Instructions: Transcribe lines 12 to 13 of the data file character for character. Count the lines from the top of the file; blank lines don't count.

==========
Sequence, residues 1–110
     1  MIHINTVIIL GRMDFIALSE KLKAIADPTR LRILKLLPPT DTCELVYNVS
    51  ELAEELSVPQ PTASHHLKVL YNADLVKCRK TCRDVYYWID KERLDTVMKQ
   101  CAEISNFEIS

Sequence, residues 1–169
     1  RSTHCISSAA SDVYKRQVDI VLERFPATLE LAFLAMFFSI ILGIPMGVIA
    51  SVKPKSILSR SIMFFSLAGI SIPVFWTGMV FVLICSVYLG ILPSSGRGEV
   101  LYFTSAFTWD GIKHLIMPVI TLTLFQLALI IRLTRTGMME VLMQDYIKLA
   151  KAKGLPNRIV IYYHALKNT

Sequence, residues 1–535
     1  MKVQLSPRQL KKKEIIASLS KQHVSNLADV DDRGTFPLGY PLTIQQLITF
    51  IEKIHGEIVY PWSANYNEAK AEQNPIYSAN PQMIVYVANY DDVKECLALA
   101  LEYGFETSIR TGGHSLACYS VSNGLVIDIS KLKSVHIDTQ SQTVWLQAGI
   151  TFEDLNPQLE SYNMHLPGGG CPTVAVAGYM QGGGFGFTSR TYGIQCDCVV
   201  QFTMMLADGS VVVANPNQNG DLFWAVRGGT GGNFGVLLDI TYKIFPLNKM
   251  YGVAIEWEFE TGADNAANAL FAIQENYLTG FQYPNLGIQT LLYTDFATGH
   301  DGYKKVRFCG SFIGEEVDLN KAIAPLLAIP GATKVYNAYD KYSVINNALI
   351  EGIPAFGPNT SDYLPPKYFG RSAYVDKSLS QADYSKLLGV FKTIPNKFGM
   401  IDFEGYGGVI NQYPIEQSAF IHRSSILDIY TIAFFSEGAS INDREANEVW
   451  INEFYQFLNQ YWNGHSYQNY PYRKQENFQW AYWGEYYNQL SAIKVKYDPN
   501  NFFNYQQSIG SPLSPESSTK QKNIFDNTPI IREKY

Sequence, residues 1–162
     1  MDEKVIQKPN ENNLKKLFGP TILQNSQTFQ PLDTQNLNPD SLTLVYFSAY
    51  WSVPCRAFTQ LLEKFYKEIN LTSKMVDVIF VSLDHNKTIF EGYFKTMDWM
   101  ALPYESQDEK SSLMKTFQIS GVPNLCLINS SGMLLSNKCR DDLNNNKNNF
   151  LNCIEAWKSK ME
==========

    51  IEKIHGEIVY PWSANYNEAK AEQNPIYSAN PQMIVYVANY DDVKECLALA
   101  LEYGFETSIR TGGHSLACYS VSNGLVIDIS KLKSVHIDTQ SQTVWLQAGI